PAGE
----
Get Task & Purpose in your inbox
How we found out about a shocking loophole in a military policy meant to protect victims of domestic violence
How We Found Out explores recent reporting from Task & Purpose, answering questions about how we sourced our stories, what challenges we faced, and offers a behind-the-scenes look at how we cover issues impacting the military and veterans community.
In December, Task & Purpose published a longform feature that explored domestic abuse in the military, the Pentagon's attempts to curb it, and how a policy loophole meant to support victims of spousal abuse has left the very people it's meant to help in dire straits.
Written by our Pentagon-based Army reporter, Haley Britzky, the story focused on Ellizabeth Grimes, who was allegedly assaulted by her husband, Army. Col. Jerel Grimes.
In the wake of the alleged attack, Ellizabeth was left to deal with a number of physical injuries that still require medical attention. Hospital records from that night say her injuries included a "closed head injury, hematoma, concussion, cervical strain, extremity contusion or fracture." She also was put on medication she'd never needed before, to help with anxiety, depression, and nausea, as well as to help her sleep at night.
However, as a dependent of a service member, her health coverage is through Tricare, and once she divorces her husband — which she filed to do almost immediately after the attack — she'll no longer be a dependent, and no longer have Tricare. This will leave her to start over with new doctors. Additionally, because her husband hasn't been charged with anything, and hasn't been separated from the Army, she's unable to qualify for transitional compensation, which exists to help abused dependents retain their Tricare coverage.
Given the sensitive nature of reporting on domestic abuse, combined with navigating a nebulous Pentagon policy, Task & Purpose spoke with Britzky about how she found the story, what obstacles she faced while reporting it, and how we as a news site handle allegations of wrongdoing when criminal charges have been filed but no verdict has been reached in a court of law.
This is the third installment in the recurring column How We Found Out.
An Army colonel's alleged abuse saddled his wife with ongoing medical needs. Escaping him could bring that care to a screeching halt.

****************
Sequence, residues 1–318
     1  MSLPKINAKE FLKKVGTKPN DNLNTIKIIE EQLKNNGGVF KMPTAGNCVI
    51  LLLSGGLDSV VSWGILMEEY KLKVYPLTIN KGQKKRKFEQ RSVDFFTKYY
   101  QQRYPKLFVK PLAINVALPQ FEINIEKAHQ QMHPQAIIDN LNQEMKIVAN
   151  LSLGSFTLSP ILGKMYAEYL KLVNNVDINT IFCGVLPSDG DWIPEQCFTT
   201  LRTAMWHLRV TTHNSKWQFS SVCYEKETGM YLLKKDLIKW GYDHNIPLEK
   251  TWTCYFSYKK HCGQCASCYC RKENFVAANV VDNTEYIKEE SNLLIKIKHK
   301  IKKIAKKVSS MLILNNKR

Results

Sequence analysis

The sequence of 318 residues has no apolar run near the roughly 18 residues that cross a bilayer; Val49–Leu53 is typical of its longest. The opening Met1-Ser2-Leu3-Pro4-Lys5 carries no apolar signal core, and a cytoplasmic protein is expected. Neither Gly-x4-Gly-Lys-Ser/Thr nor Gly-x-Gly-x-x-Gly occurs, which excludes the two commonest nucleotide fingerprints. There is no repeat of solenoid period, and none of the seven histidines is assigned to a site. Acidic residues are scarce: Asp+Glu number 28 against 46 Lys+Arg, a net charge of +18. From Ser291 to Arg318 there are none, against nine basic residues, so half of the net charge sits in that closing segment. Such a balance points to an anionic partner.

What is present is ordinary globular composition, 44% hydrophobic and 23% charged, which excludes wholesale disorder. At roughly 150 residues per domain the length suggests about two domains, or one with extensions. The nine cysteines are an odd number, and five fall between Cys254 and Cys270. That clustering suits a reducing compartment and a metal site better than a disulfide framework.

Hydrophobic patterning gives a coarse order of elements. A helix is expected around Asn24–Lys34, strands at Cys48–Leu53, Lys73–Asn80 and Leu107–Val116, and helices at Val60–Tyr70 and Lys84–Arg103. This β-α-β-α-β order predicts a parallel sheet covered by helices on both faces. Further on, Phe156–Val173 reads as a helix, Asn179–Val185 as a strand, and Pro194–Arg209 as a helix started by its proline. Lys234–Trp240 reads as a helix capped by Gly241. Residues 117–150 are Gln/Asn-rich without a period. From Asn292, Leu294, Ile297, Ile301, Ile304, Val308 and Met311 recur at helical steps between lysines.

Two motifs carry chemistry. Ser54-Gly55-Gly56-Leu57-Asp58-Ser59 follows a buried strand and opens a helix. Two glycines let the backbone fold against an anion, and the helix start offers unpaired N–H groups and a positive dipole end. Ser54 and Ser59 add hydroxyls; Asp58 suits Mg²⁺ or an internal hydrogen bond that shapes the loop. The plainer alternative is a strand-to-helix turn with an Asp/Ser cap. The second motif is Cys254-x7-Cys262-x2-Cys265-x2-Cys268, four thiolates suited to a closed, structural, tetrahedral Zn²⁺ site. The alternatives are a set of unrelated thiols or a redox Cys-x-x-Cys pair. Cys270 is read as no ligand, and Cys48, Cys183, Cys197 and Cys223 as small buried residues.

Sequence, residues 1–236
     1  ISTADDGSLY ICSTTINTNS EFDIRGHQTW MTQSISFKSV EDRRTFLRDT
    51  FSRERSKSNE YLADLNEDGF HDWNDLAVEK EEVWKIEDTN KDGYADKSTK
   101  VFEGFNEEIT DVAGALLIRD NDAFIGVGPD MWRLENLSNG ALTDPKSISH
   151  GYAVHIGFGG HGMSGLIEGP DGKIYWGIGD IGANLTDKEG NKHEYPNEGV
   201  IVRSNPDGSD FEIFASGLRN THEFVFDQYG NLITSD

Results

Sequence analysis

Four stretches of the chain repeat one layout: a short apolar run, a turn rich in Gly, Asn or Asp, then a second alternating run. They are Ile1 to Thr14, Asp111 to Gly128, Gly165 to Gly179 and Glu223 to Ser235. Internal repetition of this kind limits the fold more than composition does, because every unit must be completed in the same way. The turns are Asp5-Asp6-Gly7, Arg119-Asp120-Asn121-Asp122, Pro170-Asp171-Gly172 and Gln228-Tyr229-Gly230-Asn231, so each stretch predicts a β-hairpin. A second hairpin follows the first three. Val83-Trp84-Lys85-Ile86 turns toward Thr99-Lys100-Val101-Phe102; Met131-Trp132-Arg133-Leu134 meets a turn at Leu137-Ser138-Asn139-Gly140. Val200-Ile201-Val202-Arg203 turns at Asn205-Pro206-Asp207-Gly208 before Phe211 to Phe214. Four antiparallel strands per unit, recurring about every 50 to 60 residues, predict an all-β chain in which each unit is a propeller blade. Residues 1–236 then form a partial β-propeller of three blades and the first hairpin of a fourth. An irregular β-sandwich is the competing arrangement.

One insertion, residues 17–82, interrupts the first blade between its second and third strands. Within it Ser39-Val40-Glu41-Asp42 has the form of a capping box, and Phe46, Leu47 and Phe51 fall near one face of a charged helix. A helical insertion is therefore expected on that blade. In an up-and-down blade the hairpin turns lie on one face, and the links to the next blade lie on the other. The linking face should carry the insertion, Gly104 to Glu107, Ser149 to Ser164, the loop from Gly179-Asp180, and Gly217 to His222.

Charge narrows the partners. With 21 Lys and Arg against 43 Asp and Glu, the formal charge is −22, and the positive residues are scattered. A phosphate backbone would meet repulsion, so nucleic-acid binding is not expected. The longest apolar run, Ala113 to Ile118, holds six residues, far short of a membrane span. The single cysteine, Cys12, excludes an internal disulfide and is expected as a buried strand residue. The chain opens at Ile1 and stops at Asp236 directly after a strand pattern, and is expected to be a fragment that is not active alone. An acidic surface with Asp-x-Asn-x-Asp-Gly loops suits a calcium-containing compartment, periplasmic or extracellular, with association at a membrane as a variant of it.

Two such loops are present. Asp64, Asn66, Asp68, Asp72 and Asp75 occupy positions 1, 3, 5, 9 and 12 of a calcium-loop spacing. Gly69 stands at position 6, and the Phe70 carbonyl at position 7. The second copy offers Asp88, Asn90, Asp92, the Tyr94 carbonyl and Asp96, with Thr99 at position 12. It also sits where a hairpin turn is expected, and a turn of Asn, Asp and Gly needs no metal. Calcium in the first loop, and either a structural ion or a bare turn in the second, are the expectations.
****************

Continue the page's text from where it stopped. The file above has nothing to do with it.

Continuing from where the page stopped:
Katherine Burton was sitting on her couch when she heard a scream.
Though she had not yet met her upstairs neighbors, Army. Col. Jerel Grimes and his wife Ellizabeth, Burton went to investigate almost immediately. "I knew it was a cry for help," she recalled of the August 1 incident.
Above her downstairs apartment in Huntsville, Alabama, Jerel and Ellizabeth had been arguing. They had been doing a lot of that lately. According to Ellizabeth, Jerel, a soldier with 26 years of service and two Afghanistan deployments under his belt, had become increasingly controlling in the months since the couple had married in April, forcing her to share computer passwords, receipts for purchases, and asking where she was at all times.
"I was starting to realize how controlling he was, and how manipulative he was," Ellizabeth said. "And he'd never been this way towards me in the 15 years that I've known him."
Editor's Note: The following is an op-ed. The opinions expressed are those of the author, and do not necessarily reflect the views of Task & Purpose.
The "suck it up and drive on" mentality permeated our years in the U.S. military and often led us to delay getting both physical and mental health care. As veterans, we now understand that engaging in effective care enables us not just to survive but to thrive. Crucially, the path to mental wellness, like any serious journey, isn't accomplished in a day — and just because you need additional or recurring mental health care doesn't mean your initial treatment failed.
An Army vet's widow got her meds from a South Carolina naval hospital for 12 years. Then a $10,000 bill arrived
Claretha Singleton, widow of an Army veteran who died of lung cancer years after exposure to Agent Orange, filled her prescriptions at the Naval Hospital Beaufort for 12 years. Last November, the hospital told her that not only was she not eligible to get her medicine there, but she owed money for all the drugs she'd obtained there previously.
The bill, due in one month: $10,630.
Congressman Ron Wright (R-TX-6) introduced H.R. 5081, the K-9 Hero Act, Thursday.
This legislation creates a grant program to assist nonprofits that take in retired working dogs or provide financial assistance to owners of retired working dogs. Specifically, the grants will help cover medical costs, such as veterinarian office visits, medical procedures, diagnostic tests, and medications.
(Reuters) - Apple Inc on Wednesday said that U.S. military veterans who use its iOS devices and get medical care from the Veterans Health Administration will be able to access their health records on the devices.
The Department of Veterans Affairs runs the largest integrated healthcare system in the United States, with 9 million veterans enrolled and more than 1,200 facilities. Apple began working with the department this summer to allow access to health records from the system on iPhones and other Apple mobile devices running its iOS operating system.